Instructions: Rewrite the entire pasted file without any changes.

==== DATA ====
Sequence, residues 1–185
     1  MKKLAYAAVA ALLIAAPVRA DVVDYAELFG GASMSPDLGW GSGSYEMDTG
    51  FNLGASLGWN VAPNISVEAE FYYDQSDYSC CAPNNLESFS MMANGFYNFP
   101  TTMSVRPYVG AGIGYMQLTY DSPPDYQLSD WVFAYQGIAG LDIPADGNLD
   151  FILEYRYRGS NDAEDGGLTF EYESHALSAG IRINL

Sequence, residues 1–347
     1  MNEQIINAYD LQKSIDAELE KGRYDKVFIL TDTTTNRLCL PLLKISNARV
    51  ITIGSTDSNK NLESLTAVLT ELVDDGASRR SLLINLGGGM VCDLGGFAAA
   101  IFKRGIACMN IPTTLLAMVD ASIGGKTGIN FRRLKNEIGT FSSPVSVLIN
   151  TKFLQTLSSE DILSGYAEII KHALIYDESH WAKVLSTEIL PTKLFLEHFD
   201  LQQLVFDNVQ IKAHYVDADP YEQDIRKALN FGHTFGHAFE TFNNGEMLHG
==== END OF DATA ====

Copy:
Sequence, residues 1–185
     1  MKKLAYAAVA ALLIAAPVRA DVVDYAELFG GASMSPDLGW GSGSYEMDTG
    51  FNLGASLGWN VAPNISVEAE FYYDQSDYSC CAPNNLESFS MMANGFYNFP
   101  TTMSVRPYVG AGIGYMQLTY DSPPDYQLSD WVFAYQGIAG LDIPADGNLD
   151  FILEYRYRGS NDAEDGGLTF EYESHALSAG IRINL

Sequence, residues 1–347
     1  MNEQIINAYD LQKSIDAELE KGRYDKVFIL TDTTTNRLCL PLLKISNARV
    51  ITIGSTDSNK NLESLTAVLT ELVDDGASRR SLLINLGGGM VCDLGGFAAA
   101  IFKRGIACMN IPTTLLAMVD ASIGGKTGIN FRRLKNEIGT FSSPVSVLIN
   151  TKFLQTLSSE DILSGYAEII KHALIYDESH WAKVLSTEIL PTKLFLEHFD
   201  LQQLVFDNVQ IKAHYVDADP YEQDIRKALN FGHTFGHAFE TFNNGEMLHG